The security forces [of the RSA. Ed.] caused 518 deaths (5.6%) throughout this period.
And again, during the transitional period, the primary causes of deaths were not security forces nor white right-wing violence against blacks [just think that the AWB was allied with the IFP (Zulu). Ed.], but mainly due to “black-on-black necklace murders”, tribal conflict between the ANC-IFP, bombs by the ANC and PAC’s military wings in shopping centers, landmines on farm roads, etc.

After apartheid:
The present Aids-HIV epidemic — against which the Mbeki-regime [Thabo Mbeki is an historical member of ANC. From 1999 to 2003 he is been president of the capitalist-communist empire that has imprisoned all nations of southern Africa. Ed.] undertakes no action and still is publicly failing to properly acknowledge — the World Health Organisation estimates that more than 6-million African South Africans will be dead within the forthcoming decade. And the Mbeki-led ANC regime, which could have undertaken a huge prevention campaign such as Uganda’s a long time ago, has done nothing to stave off this terrible death rate.

SA hospitals “becoming places of death”
In November last year [2000. Ed.] it was being reported in The Star that South African hospitals are becoming places for dying — instead of healing.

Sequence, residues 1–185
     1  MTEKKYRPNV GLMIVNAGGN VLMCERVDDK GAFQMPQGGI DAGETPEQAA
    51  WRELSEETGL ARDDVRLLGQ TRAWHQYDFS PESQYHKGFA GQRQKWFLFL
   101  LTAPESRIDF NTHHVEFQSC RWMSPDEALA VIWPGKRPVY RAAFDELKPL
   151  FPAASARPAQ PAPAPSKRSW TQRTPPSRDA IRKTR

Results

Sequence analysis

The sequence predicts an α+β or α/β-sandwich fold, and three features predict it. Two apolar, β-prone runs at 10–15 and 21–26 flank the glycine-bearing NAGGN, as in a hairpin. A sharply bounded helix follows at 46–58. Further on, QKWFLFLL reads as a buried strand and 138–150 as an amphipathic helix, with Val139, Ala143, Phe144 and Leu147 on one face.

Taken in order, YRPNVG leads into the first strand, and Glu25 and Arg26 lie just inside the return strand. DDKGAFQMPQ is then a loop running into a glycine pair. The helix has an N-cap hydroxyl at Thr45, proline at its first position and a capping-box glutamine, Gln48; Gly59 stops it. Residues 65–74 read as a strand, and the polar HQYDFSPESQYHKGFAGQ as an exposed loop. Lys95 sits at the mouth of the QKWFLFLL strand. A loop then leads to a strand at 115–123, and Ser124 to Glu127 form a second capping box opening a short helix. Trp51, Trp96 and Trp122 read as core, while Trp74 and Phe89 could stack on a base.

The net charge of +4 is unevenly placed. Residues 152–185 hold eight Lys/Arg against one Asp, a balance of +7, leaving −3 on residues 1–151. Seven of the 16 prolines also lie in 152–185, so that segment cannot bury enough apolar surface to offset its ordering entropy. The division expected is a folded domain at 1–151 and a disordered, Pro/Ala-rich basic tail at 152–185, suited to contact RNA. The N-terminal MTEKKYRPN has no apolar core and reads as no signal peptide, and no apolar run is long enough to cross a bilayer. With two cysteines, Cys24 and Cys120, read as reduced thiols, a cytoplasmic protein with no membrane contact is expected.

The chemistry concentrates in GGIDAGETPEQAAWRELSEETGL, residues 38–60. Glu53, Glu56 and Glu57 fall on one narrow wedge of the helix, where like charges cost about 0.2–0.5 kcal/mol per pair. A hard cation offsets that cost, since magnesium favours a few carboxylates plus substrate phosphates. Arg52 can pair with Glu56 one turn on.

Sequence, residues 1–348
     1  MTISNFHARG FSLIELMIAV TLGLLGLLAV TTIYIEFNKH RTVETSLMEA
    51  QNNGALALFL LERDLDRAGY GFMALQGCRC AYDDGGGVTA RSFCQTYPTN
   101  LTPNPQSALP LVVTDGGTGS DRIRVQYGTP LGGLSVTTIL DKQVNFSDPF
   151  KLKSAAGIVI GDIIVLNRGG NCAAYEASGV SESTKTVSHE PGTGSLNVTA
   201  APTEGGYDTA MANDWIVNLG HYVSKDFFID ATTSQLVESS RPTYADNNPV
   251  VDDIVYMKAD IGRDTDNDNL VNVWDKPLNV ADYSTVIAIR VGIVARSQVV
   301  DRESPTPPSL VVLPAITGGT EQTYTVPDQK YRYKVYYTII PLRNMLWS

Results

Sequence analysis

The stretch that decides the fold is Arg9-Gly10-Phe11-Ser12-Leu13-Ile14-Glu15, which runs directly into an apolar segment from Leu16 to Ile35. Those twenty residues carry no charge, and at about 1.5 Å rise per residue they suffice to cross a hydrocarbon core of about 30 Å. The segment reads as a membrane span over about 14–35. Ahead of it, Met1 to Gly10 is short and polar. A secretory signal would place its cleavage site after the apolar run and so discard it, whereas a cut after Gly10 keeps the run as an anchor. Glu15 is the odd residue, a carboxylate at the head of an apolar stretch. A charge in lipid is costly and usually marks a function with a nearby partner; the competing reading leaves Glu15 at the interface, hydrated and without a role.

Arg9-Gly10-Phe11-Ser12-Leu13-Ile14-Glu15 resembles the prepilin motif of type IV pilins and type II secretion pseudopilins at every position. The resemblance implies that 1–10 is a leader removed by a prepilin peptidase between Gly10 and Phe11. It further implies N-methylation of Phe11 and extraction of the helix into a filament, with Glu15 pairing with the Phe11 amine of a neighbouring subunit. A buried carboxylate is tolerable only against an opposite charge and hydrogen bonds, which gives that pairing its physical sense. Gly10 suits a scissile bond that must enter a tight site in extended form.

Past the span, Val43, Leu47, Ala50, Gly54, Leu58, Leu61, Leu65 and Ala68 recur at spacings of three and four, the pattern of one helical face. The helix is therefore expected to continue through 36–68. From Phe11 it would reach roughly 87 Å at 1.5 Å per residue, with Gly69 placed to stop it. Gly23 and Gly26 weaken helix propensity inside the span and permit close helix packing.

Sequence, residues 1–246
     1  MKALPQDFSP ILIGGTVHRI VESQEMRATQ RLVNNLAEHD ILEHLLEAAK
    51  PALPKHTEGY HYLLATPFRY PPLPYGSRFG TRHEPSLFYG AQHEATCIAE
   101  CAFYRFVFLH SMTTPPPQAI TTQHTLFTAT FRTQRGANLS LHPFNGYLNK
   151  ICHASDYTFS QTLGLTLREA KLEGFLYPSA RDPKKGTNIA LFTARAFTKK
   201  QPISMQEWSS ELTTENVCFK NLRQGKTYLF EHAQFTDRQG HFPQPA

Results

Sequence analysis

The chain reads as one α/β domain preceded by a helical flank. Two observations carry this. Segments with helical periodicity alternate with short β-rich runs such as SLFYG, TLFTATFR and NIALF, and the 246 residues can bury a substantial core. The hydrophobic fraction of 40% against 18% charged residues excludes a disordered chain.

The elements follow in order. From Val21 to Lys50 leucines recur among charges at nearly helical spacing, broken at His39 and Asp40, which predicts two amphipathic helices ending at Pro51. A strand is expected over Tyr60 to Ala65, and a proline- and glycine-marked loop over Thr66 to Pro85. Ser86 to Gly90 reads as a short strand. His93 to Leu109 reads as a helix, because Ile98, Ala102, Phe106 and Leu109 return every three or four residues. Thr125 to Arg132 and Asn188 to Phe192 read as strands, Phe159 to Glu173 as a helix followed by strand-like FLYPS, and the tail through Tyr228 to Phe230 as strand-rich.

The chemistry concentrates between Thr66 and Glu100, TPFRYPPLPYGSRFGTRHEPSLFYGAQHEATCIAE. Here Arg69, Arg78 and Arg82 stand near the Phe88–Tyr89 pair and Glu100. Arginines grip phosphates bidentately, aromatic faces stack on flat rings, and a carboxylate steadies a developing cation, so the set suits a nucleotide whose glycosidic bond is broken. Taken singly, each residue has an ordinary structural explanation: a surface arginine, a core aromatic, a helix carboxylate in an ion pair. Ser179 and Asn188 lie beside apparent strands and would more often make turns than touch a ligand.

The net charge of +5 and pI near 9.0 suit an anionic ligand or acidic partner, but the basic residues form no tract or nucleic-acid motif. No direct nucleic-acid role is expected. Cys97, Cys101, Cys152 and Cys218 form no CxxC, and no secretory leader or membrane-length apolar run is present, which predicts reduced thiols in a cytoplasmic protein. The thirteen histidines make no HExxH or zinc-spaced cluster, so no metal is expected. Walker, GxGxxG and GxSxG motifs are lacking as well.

In June this year [2001. Ed.] , it was reported that our cemeteries were filling up so rapidly that upright funerals were being contemplated to save space.
Still, Aids is not being spoken about at our funerals, and the silence and utterly unscientific public statements about HIV-Aids from Mbeki’s continue unabated while our people are dying.
Democratic Alliance spokesman Jack Bloom warned late last year that the 20% rise in deaths over the past four years among patients treated at Johannesburg Hospital could only be blamed on the high crime rate and the very serious decline in patient care. Why is our patient care so poor now, and our crime rate so high? The answer is simple: our public funds are being looted by the ANC hierarchy. And the police seem helpless to stop it.
Tuberculosis funds looted:
On July 10, 2001, the SA health department announced that it was going to stop R6,6-million in annual funding to the SA National Tuberculosis Association because of the ongoing looting of its funds and the lavish lifestyles of its (African) executives, who award themselves R400,000 annual salaries and spend R5000 a month on cellphone calls alone… while millions of South African TB patients go untreated and are wasting away of a deadly, but curable disease.
During apartheid, please note that the SANTA executives were seen to be extremely frugal with the governments’ funding — that many thousands of patients were cured annually, and that many doctors and nurses even VOLUNTEERED their services free of charge.
The question is this: “why is this man still CEO of SANTA? Why has he not been fired on the spot?”

Violent deaths from 1994 to 2000:
And the SA Police reports this month [August 2001. Ed.] — access their website’s statistics at — that a total of 174,220 people died violent deaths, from crime-related violence [or related to hate-crime against whites, and especially against the Boers. Ed.], between 1994 and the year 2000.